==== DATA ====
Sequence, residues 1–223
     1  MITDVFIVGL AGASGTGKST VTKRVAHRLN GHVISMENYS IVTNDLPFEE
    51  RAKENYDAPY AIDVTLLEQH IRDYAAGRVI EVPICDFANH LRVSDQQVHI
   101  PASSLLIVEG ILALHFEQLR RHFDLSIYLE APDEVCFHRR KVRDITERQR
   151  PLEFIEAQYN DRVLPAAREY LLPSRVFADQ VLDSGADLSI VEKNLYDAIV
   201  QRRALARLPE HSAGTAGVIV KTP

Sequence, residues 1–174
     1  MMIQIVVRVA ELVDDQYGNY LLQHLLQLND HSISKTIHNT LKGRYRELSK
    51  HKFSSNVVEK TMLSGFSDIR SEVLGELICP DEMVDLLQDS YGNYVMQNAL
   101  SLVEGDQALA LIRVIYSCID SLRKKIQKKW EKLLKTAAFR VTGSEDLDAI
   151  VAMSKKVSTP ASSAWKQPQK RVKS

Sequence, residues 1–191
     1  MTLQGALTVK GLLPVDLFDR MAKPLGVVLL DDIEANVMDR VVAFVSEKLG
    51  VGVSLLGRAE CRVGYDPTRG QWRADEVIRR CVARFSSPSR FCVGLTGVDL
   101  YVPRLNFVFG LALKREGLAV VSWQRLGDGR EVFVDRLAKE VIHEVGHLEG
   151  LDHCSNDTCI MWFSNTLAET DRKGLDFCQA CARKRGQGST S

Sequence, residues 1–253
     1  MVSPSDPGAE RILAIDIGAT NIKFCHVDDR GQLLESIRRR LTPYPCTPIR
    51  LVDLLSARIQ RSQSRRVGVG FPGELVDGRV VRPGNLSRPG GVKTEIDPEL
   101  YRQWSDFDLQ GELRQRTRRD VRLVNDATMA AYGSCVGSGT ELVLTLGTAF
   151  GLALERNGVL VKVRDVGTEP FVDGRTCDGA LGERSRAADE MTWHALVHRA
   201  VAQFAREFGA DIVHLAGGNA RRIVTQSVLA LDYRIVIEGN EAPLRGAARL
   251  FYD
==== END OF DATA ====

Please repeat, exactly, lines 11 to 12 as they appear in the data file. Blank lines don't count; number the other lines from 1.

   151  VAMSKKVSTP ASSAWKQPQK RVKS

Sequence, residues 1–191